Film Review: 'The Messenger'

Bogged down by a directionless narrative and pedestrian execution, David Blair's The Messenger (2015) benefits slightly from a committed performance from rising Irish actor Robert Sheehan. But even that isn't enough to hold the audiences attention, meaning scope for this film is limited. Jack (Sheehan) is a troubled soul. Ever since he was a child, he's been haunted by voices of the dead. Unable to escape, no matter how much alcohol he drinks or pills he pops, Jack is stuck in a vicious cycle, targeted by those who died with unfinished business. The latest of which is Mark (Jack Fox), a murdered reporter who never got the chance to say goodbye to his wife (Tamzin Merchant).

As Jack sets out to fulfil Mark's wish, his turbulent past - and the story behind his unwanted skill - comes back to haunt him. Buried somewhere beneath The Messenger is an intriguing premise that's been lost along the way. It's not that there aren't moments of interest here and there (the well done flashbacks that tease out Jack's past are weaved nicely into the main narrative), more that the film is happy to coast along on a half-hearted script written by Andrew Kirk. The thrills pertain to half a dozen running scenes and the supernatural elements aren't fleshed out enough to be particularly creepy. It's neither a horror nor a psychological thriller, falling awkwardly in between the two.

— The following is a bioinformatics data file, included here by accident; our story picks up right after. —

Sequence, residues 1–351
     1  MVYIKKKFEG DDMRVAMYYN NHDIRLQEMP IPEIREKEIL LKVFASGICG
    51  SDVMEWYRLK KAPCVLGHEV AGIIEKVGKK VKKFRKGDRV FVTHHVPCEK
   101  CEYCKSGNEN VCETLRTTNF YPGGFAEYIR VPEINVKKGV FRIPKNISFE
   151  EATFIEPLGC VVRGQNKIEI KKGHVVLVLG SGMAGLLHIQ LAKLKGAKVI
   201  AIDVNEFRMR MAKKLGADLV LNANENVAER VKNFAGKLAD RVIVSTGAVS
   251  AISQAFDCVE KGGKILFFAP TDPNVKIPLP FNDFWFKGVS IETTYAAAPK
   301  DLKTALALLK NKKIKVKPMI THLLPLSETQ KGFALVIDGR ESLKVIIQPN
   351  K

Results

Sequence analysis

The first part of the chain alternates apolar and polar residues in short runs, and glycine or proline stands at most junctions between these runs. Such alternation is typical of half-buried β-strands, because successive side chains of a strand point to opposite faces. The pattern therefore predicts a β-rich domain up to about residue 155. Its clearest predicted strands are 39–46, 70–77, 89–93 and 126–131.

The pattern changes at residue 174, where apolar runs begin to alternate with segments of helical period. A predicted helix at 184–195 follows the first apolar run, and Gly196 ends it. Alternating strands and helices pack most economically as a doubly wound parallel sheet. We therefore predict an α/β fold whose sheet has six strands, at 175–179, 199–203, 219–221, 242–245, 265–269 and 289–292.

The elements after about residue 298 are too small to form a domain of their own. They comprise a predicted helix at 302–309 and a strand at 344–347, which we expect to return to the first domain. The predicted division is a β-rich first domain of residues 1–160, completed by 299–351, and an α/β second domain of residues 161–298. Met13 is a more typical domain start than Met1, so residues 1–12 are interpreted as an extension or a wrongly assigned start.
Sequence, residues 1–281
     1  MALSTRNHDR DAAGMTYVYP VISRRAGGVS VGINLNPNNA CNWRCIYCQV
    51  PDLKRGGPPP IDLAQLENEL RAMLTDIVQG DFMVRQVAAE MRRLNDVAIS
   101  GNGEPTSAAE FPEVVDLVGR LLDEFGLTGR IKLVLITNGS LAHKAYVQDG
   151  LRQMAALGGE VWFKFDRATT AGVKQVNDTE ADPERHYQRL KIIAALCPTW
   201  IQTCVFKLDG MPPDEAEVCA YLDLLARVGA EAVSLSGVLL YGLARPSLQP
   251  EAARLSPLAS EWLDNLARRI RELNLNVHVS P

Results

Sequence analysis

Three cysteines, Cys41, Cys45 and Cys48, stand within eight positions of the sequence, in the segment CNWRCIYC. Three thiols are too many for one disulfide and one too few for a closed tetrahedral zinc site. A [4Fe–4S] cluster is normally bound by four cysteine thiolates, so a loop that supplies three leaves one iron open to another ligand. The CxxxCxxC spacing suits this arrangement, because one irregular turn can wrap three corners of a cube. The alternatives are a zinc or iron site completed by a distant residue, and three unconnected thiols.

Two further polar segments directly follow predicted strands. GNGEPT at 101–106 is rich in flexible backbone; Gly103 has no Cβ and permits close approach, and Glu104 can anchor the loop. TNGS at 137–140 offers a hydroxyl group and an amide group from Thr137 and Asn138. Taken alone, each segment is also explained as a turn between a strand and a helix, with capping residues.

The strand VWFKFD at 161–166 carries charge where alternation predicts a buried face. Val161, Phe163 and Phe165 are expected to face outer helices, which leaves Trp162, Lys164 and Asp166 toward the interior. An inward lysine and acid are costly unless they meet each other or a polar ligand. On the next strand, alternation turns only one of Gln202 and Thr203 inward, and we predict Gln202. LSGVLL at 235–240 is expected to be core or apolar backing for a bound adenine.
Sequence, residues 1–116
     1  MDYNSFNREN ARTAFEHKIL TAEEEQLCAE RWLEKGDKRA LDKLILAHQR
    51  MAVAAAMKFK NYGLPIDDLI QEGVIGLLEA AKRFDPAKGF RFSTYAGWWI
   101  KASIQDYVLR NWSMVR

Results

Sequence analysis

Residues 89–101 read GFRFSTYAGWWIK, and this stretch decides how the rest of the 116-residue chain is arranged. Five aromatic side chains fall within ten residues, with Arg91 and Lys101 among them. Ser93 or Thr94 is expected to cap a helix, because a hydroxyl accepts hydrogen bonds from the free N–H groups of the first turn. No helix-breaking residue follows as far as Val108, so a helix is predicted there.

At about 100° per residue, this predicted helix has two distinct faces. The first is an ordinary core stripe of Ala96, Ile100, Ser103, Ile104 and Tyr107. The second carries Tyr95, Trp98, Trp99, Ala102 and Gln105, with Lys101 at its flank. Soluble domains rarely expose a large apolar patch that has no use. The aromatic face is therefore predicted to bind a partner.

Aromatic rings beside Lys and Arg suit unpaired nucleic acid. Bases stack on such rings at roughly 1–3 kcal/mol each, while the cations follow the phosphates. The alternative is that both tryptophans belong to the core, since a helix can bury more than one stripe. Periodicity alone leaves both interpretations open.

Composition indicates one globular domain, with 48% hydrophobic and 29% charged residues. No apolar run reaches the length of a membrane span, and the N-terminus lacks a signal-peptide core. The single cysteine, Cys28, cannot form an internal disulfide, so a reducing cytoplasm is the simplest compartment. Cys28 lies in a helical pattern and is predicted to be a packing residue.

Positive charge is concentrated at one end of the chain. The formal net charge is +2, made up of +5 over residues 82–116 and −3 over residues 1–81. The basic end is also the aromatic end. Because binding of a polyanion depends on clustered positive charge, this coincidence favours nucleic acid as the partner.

Plot strands are introduced and then dropped almost instantly, the most bizarre of which being the strong hint that Jack's nephew possess the same supernatural ability as him. Aside from Sheehan, none of the other cast are serviced. Fox, Merchant and Joely Richardson as an unnamed psychiatrist flail at the hand of their underwritten characters, while Lily Cole crops up as Jack's sister, who's bored by her white picket fence lifestyle and concerned for Jack, although not concerned enough to do much for him apart from offer him a bed. Doused in dark and murky colours by Blair, The Messenger has no life or spark to it, failing to provide an in for the audience, who remain on the outside looking in for the entirety of its bland existence.

Jamie Neish | @EmptyScreens


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